However, there are some positive findings that people with mental health problems are successfully employed in management positions, receiving a competitive wage, and remain in stable employment. This helps to counteract some of the stigma and myth around the capabilities of people with serious mental illness to sustain paid employment.
The authors recognise that although they endeavoured to identify and contact all social firms and other businesses employing mental health problems, it is likely that they may have missed some businesses out. In addition, as some managers didn’t have specific information about mental health diagnosis and management of their employees, this data were not available to the study authors.
A postal survey such as this can only serve to identify main themes, and doesn’t provide any rich detail about the benefits and challenges of working with a mental health problem on the part of the employer and employee. This would need to be followed up with qualitative interviews with key stakeholders. In addition, these results cannot answer whether social firms are more beneficial than other models of employment, and whether they impact on psychiatric and functioning outcomes.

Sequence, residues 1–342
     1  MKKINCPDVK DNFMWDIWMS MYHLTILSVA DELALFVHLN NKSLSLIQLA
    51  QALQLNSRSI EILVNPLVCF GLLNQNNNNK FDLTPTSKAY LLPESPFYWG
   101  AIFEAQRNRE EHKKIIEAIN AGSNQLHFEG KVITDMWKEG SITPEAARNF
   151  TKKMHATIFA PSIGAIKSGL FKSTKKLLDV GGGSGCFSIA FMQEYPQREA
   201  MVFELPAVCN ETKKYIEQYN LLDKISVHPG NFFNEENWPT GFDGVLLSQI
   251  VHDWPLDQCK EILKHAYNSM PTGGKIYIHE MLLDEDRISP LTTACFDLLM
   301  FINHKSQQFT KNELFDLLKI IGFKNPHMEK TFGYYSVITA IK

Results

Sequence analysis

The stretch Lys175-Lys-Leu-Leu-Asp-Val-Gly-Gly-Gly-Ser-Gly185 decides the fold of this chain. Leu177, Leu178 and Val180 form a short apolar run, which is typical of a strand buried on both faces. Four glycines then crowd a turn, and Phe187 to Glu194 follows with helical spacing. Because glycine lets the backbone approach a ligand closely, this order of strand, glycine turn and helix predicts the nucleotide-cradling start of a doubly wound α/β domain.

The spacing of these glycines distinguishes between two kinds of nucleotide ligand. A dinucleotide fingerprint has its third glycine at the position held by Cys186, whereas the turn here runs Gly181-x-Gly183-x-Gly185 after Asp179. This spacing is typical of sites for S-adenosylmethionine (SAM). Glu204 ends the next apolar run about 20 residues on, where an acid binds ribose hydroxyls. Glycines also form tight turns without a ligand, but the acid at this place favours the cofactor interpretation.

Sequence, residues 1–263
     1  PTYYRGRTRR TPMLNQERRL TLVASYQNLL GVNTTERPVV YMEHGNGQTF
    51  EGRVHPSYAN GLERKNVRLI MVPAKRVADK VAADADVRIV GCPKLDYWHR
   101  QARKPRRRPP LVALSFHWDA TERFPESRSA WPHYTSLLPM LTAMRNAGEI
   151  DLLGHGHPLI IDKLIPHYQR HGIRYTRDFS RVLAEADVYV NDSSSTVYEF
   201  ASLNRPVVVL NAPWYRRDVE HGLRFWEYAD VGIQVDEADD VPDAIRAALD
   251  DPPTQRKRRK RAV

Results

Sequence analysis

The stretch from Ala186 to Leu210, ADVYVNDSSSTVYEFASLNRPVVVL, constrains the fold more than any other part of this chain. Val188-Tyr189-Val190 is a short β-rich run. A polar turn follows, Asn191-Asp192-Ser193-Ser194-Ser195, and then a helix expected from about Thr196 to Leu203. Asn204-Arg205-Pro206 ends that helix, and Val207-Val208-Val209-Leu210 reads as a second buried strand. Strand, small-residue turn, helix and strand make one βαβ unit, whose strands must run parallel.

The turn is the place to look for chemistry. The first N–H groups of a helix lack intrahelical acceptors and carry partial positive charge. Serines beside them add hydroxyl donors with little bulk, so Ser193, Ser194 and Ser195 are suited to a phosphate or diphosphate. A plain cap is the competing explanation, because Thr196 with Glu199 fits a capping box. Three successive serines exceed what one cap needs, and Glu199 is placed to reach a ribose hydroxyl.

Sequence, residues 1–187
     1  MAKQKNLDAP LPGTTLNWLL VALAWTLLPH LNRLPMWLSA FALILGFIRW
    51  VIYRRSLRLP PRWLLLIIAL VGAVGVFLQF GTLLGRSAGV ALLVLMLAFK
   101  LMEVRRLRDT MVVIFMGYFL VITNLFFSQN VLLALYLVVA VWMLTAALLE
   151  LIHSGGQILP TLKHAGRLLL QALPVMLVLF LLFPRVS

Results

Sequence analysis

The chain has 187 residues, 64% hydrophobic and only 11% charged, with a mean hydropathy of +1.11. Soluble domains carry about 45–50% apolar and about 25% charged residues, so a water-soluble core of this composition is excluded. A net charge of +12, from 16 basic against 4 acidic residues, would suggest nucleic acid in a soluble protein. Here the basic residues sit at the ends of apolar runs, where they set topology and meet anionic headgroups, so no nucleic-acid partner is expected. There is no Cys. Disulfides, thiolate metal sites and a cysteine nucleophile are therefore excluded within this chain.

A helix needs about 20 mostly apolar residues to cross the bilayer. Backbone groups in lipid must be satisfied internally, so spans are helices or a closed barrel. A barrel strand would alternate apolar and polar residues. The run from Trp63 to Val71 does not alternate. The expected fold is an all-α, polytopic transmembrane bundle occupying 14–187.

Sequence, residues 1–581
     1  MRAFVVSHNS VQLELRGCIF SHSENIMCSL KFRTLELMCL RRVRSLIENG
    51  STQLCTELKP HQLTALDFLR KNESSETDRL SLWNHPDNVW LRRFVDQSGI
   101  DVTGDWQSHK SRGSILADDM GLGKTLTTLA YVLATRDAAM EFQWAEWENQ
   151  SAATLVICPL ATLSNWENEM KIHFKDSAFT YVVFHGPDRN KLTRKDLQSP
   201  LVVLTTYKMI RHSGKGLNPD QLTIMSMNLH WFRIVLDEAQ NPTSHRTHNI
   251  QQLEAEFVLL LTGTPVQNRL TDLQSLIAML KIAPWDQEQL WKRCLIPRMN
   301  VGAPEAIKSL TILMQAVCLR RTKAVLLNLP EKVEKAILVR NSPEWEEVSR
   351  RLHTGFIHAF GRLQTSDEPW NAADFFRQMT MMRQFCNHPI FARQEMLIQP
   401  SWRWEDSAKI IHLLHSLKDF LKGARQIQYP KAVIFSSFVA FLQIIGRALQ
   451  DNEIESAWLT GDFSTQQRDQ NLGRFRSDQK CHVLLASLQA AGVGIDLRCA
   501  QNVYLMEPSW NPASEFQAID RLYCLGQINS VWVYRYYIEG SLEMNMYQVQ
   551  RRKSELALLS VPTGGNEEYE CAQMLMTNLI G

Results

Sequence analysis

A final point is that this survey is unable to shed any light on the specific characteristics of those people with mental health problems who were able to obtain employment through a social firm or other similar business. At this stage it is unclear whether this model could work for all people with mental health problems, and further work is needed to identify what model works best and for whom.
Declaration of conflict of interest
Liz Hughes is a research collaborator with one of the co-authors, Professor Johnson, but has had no involvement in the SoFARR project.
Gilbert, E et al. Social firms as a means of vocational recovery for people with mental illness. BMC Health Services Research 2013, 13:270 doi:10.1186/1472-6963-13-270.
Crowther RE, et al. Helping people with severe mental illness to obtain work: systematic review (PDF). BMJ 2001, 322:204-208.
Twamley EW, et al Vocational rehabilitation in schizophrenia and other psychotic disorders: a literature review and meta-analysis of randomized controlled trials. J Nerv Ment Dis 2003, 191:515-523. [PubMed abstract]